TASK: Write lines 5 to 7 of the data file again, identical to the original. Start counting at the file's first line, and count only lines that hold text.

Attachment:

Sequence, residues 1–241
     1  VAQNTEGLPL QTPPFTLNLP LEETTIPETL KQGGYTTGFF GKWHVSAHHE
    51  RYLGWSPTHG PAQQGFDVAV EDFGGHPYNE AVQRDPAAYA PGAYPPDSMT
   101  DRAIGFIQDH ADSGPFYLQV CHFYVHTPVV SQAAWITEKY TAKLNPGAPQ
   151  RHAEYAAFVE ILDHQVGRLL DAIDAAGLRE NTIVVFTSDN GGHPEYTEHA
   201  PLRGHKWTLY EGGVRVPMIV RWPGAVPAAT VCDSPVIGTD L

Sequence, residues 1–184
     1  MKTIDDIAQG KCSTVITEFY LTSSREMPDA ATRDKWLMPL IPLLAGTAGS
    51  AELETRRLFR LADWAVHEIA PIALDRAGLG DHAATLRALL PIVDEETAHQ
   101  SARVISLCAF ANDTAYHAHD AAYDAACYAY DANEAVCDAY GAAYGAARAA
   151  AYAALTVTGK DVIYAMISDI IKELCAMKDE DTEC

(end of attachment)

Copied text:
   151  RHAEYAAFVE ILDHQVGRLL DAIDAAGLRE NTIVVFTSDN GGHPEYTEHA
   201  PLRGHKWTLY EGGVRVPMIV RWPGAVPAAT VCDSPVIGTD L

Sequence, residues 1–184